Experience on a motorcycle is essential. Without practice, you won’t know how to react in many situations. Before I got my endorsement, I participated in Motorcycle Operator Safety Training (MOST), which gave me experience (at low speeds) in turning and, more importantly, skidding. But no wind. If you are considering buying a motorcycle, I strongly recommend you enroll in whatever riding safety course your state or region has to offer. I learned enough to keep me alive during that first year or so on a bike, and I consider it the best money ever spent.
So, the first day-trip I took, we rode two hundred plus miles. I rode in the wind, on a gravel road through open range, on the interstate, at night, and at night on the interstate, in the rain. Almost all of it with my lanky fifteen-year-old son on the back. Except for the gravel road (all sixty miles of it), First Reader carried him then.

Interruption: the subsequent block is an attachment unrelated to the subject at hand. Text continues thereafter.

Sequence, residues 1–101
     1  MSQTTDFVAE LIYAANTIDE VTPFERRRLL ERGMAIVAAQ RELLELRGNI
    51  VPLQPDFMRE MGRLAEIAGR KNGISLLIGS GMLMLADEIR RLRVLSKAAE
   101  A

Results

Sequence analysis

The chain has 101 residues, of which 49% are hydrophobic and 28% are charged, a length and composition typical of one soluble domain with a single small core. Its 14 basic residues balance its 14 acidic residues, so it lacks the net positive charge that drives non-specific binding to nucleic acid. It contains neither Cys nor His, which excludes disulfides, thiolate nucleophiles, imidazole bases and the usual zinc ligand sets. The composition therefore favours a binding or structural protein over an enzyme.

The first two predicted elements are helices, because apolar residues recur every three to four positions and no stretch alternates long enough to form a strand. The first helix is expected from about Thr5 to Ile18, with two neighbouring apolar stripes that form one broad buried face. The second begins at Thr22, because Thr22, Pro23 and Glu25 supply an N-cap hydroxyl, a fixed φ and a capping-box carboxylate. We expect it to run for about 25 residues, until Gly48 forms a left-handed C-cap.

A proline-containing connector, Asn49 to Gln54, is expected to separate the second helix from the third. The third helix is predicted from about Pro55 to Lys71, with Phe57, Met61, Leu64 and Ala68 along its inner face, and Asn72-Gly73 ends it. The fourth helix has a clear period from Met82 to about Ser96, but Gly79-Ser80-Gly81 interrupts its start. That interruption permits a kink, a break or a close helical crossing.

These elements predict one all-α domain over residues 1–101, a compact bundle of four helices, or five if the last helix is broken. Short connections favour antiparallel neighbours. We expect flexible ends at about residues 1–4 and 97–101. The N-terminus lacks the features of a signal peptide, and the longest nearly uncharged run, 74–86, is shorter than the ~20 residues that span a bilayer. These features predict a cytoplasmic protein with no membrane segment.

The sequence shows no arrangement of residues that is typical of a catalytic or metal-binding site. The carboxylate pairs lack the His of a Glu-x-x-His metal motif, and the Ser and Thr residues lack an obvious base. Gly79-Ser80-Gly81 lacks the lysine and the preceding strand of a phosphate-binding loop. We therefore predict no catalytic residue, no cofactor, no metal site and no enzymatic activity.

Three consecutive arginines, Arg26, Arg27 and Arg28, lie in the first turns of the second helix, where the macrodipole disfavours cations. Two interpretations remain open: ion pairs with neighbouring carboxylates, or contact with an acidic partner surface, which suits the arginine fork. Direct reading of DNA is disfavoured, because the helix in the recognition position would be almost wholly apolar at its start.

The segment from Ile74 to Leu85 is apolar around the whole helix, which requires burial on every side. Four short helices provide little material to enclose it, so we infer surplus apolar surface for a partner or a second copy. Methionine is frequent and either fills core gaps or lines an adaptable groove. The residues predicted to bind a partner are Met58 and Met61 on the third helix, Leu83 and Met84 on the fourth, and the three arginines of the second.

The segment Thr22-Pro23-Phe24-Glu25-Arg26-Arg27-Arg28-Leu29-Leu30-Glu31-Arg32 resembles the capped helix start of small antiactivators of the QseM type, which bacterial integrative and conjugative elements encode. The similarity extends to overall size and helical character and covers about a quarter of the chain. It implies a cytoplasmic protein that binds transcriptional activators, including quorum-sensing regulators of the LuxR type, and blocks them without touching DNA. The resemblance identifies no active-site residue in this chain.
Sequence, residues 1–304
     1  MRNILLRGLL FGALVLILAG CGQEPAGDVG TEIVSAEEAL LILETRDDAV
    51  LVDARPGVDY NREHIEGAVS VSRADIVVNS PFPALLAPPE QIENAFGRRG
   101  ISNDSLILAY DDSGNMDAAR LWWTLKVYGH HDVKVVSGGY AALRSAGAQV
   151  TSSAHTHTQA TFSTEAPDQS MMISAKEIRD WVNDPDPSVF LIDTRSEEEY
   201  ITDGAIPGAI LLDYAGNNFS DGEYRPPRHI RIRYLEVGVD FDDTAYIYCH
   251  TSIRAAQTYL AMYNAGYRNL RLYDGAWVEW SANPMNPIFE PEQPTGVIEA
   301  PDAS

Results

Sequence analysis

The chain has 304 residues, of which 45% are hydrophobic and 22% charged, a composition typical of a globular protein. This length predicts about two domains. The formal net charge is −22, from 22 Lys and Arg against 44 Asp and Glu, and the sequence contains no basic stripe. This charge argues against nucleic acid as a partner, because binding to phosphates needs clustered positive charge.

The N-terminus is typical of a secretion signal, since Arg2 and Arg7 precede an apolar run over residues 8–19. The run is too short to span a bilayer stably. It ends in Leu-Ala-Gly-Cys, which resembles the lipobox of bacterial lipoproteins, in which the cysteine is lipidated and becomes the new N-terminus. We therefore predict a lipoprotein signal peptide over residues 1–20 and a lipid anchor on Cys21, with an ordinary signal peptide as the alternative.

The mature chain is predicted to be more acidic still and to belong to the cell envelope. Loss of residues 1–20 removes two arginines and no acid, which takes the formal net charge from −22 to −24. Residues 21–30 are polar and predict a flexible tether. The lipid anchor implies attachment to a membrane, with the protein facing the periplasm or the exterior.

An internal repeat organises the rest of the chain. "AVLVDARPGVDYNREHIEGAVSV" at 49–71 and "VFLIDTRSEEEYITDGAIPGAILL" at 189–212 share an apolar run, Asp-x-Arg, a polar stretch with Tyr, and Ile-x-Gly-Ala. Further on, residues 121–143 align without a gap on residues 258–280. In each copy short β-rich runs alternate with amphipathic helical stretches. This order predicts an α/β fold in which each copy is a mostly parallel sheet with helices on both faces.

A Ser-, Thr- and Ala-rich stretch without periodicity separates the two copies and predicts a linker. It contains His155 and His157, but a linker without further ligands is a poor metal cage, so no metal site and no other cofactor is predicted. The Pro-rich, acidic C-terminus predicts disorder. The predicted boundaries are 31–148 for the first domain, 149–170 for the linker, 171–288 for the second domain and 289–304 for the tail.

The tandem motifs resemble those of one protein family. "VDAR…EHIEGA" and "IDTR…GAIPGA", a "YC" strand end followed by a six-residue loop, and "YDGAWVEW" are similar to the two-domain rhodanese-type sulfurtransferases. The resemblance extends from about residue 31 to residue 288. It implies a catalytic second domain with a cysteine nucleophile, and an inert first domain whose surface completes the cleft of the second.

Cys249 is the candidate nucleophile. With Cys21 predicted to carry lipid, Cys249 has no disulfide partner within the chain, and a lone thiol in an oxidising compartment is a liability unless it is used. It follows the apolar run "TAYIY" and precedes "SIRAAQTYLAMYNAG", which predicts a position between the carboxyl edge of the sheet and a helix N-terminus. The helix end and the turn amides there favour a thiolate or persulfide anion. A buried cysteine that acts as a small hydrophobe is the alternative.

The gravel road was the most interesting (OK, scary) part of the ride. Up to that point, I’d only ridden on pavement, and my bike was a bit top-heavy. Because it was a cruiser style motorcycle, it was equipped with standard street tires, so they were pretty slick for a ride on gravel. I led while she followed. At one point, I topped a rise and stopped dead. About thirty feet away, in the middle of the road, stood the biggest damned bull I’d ever seen.
We stared at each other as his tail swished back and forth. I’d gotten a bit ahead of First Reader because I felt like I sat there staring at this animal for half an hour (it was probably more like half a minute, though). I didn’t know whether to rev my bike, honk my horn (it only worked sometimes), or back away slowly, so I just sat there and waited. As soon as First Reader topped the rise and honked, the horned menace cleared the road and followed his heifers out to graze.